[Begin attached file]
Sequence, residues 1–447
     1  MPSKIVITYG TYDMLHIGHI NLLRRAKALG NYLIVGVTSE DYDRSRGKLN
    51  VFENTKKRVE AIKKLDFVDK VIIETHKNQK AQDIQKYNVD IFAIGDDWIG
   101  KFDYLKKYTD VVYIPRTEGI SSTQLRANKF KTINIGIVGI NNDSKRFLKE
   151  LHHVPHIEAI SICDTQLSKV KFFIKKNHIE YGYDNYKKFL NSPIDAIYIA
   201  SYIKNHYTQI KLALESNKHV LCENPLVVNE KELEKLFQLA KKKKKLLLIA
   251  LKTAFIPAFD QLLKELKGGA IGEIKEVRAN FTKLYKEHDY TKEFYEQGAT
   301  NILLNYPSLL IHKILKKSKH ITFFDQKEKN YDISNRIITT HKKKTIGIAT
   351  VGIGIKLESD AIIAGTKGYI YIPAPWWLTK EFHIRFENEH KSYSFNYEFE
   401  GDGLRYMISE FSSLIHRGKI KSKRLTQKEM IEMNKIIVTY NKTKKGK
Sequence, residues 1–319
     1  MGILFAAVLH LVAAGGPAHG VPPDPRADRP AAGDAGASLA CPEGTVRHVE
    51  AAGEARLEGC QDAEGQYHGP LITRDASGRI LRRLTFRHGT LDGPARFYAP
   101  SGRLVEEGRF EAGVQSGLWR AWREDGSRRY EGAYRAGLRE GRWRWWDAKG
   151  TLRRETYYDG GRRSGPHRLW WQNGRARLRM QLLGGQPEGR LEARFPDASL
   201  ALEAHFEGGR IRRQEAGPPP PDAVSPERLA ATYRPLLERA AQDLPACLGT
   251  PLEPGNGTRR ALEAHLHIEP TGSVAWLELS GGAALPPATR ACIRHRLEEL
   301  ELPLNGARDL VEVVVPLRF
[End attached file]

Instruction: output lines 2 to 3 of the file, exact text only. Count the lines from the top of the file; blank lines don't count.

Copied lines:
     1  MPSKIVITYG TYDMLHIGHI NLLRRAKALG NYLIVGVTSE DYDRSRGKLN
    51  VFENTKKRVE AIKKLDFVDK VIIETHKNQK AQDIQKYNVD IFAIGDDWIG